Roxy bit down on her lip as she tried to suppress her joy. “Done.” She opened her purse and handed over the money, then picked the box up from the counter.
That night as she showed the box to her boyfriend, Jamie, she was still unable to believe her good luck.
“No, you can’t take it apart,” she told Jamie firmly, when he picked it up to study it. She knew him too well. Jamie loved to tinker, to take things apart to see how they worked, and then put them back together. Her grandfather’s pocket watch had succumbed to Jamie’s tinkering, and unfortunately had never worked since. Sometimes his tinkering drove her crazy. Occasionally, Roxy would buy him an old clock or a mechanical toy for him to tinker with, but since the pocket watch incident, she had banned him from touching any of her prized possessions.
“Don’t worry, I won’t break it,” Jamie said indignantly. “I’m just curious to see how it works.”
“As long as you’re only curious with your eyes,” Roxy said, and they both laughed. “I had a music box when I was little,” she told him. “It had a ballerina in it that twirled around, and it played Music Box Dancer. I thought it was just magical, but I played with the box so much that eventually I broke it.”
The newly acquired music box took pride of place on Roxy’s dressing table. Each morning, she would lift the lid and choose a piece of jewellery from within. She would wind the key and let the music play as she showered, snatches of the haunting melody drifting through the bathroom door. The tune became as familiar to her as a popular tune on the radio. Sometimes she would just sit on the end of the bed listening to it as she stared down at the angels, and when the tune finished, she would wind the key and listen again.
Sometimes the tune made her sad.
One morning, Jamie took the music box from her hands and said, “What are you doing? You’re going to be late for work.” She hadn’t realised she had been sitting for so long.
“Are you okay?” Jamie asked her one night as they snuggled together on the couch and watched TV.
“What do you mean?” Puzzled, Roxy turned her face to look up at him.
“You haven’t seemed yourself in a while.” Jamie squeezed her arm gently. “I’m worried about you. You seem—depressed.”
Roxy took a deep breath, then slowly released it. She knew he was right. She hadn’t wanted to admit it, but the fact was she did feel sad all the time lately, and the scary thing was, she didn’t know why. She lived in a comfortable flat surrounded by the things that she loved, she was in a wonderful relationship, and although her job definitely wasn’t her dream job, it paid the bills. She had no reason to be depressed.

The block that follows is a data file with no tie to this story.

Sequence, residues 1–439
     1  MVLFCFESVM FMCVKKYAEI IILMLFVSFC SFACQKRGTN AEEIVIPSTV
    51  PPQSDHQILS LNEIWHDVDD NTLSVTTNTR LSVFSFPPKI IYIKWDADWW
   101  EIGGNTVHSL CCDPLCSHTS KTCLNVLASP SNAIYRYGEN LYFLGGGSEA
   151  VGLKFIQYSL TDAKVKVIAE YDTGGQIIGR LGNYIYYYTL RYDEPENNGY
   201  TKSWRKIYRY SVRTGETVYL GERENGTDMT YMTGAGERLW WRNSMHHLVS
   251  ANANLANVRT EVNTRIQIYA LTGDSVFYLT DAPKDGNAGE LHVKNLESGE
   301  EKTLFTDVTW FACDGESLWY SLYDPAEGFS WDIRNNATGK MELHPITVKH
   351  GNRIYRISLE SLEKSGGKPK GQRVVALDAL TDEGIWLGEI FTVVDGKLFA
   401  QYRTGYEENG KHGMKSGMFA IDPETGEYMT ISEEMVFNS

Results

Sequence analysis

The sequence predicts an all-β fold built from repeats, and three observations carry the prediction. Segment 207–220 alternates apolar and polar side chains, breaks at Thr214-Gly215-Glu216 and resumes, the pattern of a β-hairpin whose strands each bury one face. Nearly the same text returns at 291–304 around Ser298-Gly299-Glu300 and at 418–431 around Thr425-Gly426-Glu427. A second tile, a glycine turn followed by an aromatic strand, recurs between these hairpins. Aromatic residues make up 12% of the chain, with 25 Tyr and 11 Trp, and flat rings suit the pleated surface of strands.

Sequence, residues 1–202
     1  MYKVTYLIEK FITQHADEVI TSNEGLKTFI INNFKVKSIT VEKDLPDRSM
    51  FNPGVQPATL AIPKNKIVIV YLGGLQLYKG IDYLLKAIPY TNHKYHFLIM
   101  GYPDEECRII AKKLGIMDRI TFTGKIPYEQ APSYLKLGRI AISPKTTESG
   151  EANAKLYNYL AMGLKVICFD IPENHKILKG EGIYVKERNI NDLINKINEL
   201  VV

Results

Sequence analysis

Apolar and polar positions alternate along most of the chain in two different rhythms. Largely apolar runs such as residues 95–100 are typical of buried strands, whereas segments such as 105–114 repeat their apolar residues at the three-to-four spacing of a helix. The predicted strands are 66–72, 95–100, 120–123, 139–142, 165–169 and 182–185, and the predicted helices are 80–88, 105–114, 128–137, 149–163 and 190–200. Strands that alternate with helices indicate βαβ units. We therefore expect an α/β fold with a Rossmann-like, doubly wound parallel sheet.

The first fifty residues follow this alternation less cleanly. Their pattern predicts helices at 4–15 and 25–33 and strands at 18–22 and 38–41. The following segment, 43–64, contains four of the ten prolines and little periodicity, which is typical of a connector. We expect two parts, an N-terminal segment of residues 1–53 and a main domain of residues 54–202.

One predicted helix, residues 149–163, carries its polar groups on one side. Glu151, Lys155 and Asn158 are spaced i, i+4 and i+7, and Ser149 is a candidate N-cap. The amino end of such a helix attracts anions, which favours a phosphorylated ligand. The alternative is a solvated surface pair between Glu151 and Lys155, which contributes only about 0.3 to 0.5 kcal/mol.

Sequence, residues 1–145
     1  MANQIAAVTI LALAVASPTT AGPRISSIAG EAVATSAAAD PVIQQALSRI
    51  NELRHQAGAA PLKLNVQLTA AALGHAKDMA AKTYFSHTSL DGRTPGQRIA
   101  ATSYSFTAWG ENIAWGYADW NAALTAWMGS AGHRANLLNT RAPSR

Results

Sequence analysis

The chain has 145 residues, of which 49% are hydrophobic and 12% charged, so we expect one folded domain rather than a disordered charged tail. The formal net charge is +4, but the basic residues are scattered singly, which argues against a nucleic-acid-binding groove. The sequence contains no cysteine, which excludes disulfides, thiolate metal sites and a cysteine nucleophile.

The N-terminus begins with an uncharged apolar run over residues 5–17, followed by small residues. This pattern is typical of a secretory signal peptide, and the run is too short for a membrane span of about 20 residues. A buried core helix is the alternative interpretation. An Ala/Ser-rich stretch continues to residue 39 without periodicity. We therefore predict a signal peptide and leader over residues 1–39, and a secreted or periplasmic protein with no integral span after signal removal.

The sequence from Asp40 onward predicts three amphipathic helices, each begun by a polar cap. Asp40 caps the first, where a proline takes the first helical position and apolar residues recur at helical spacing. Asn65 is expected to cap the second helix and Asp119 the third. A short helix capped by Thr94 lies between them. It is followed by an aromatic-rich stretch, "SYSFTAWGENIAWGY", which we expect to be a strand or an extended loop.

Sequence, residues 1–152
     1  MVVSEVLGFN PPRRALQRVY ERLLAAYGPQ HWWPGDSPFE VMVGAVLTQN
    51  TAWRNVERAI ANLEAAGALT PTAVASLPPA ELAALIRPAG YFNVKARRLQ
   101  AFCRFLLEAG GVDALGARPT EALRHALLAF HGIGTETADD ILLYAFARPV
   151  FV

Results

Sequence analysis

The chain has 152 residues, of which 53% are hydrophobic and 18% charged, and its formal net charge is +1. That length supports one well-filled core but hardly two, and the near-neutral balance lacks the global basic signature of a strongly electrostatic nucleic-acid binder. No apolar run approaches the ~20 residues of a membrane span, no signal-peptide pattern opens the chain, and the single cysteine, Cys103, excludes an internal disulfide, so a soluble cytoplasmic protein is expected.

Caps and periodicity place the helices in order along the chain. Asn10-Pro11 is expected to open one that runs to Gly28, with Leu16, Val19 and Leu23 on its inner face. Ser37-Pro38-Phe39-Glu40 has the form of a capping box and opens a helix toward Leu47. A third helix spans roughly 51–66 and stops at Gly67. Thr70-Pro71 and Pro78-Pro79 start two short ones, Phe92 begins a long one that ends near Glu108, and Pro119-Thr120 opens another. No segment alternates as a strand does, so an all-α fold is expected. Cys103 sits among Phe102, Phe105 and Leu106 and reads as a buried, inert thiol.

“Perhaps you need a holiday,” Jamie said, and he booked them a week away.
Roxy tried to get enthused about their impending vacation, but not even the colourful brochures that Jamie brought home for her to look through excited her. As the days passed, she would frequently burst into tears for no reason at all, and nothing that Jamie could say or do would help. The only thing that seemed to bring her any solace was the music box.
One afternoon as she lay on the couch, wrapped in a quilt, listening to Saranata play from the coffee table beside her, she realised that her life was slipping away from her. Nothing gave her joy anymore. She hadn’t even been into Addison’s in weeks.
“Jamie, I’m scared,” she said, when he came home from work that night. “I don’t want to feel like this. What’s happening to me?”
Jamie wrapped his arms around her and held her tight. “I’ve been thinking,” he said. He indicated with a flick of his head towards the coffee table. “I started noticing a change in you after you bought that music box. You don’t think it’s got something to do with the way you’re feeling, do you?”
Roxy pulled away from him. “You mean, like a curse?”
Jamie’s lips twitched. “Well, I hadn’t actually thought of a curse. I was just thinking that the melody is so sad, perhaps listening to it all the time is affecting your mood.” He laughed. “But a curse would be much more interesting.”
Roxy leapt from the couch and crossed to the computer desk in the corner of the room. Switching on the computer, she waited impatiently for it to boot up. “We can find out its history,” she said. “We can write to the manufacturer.” She knew that the manufacturer’s name was on the bottom of the box, along with the serial number, right below the name of the tune. Although the idea that the music box was causing her depression seemed preposterous, it couldn’t hurt to do a little research into the background of the box. Right now she was ready to grasp at anything.
Jamie crossed the room and crouched down beside her as she typed the name of the manufacturer into Google. She soon found their details and wrote them an email. In the meantime, she locked the box away in a cupboard in the spare room. But every time she walked past the closed door, although the box remained silent, the tune played over and over in a loop inside her head.